An essential segment of scholarly documentation, journals entered the new digital world a number of years ago. We propose to examine the conditions for that shift in the area of the humanities and social sciences, in conceptual, economic, technical and organizational terms.
Our views have evolved through our ongoing commitment over the past five years to rethinking the digital production and dissemination of scholarly journals, as well as to experimenting with new methods and trying to incorporate that thinking into the reconstruction and acceleration of scientific communication. On a broader scale, we contend that the situation of journals effectively illustrates digitization issues in scholarly publishing.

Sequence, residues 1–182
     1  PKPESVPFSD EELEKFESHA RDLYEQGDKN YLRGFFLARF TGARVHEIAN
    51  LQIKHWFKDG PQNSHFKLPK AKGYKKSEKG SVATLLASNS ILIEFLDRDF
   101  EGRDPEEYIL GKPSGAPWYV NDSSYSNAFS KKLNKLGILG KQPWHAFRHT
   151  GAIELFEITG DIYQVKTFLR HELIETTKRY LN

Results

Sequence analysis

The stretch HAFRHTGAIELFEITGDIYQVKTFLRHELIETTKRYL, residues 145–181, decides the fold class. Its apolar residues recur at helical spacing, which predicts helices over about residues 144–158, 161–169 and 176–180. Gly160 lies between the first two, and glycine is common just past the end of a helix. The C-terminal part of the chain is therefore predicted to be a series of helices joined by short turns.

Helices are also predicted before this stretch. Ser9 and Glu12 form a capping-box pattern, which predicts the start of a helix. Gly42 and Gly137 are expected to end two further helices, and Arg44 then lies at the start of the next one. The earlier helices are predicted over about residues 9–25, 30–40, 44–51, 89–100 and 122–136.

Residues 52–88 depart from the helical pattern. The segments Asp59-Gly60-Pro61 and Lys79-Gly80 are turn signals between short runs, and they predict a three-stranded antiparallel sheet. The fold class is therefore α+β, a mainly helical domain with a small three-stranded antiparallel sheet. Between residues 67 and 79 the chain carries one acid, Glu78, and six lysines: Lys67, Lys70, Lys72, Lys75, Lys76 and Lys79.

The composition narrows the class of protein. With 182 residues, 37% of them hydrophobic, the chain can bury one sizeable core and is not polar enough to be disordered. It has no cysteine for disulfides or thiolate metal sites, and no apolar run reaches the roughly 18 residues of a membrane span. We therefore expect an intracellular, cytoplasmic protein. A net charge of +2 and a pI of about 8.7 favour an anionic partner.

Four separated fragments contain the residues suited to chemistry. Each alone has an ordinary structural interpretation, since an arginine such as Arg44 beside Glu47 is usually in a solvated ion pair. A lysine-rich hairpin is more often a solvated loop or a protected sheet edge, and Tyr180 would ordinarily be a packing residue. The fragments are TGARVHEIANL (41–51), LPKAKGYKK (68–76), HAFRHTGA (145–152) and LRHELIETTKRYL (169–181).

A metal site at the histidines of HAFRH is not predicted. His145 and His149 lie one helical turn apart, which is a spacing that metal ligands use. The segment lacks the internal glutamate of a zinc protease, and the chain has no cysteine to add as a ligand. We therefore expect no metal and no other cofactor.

In this book, we interpret a series of phenomena and issues not so much to defend any school of thought, but rather to arrive at a realistic assessment of the many processes that are transforming the way research results are disseminated through journals. In this way, we hope to make room for alternative approaches rather than to impose one fixed view.
Our discussion is fed by state-of-the-art research in the field in addition to our respective experiences at the Université de Montréal. With different training and backgrounds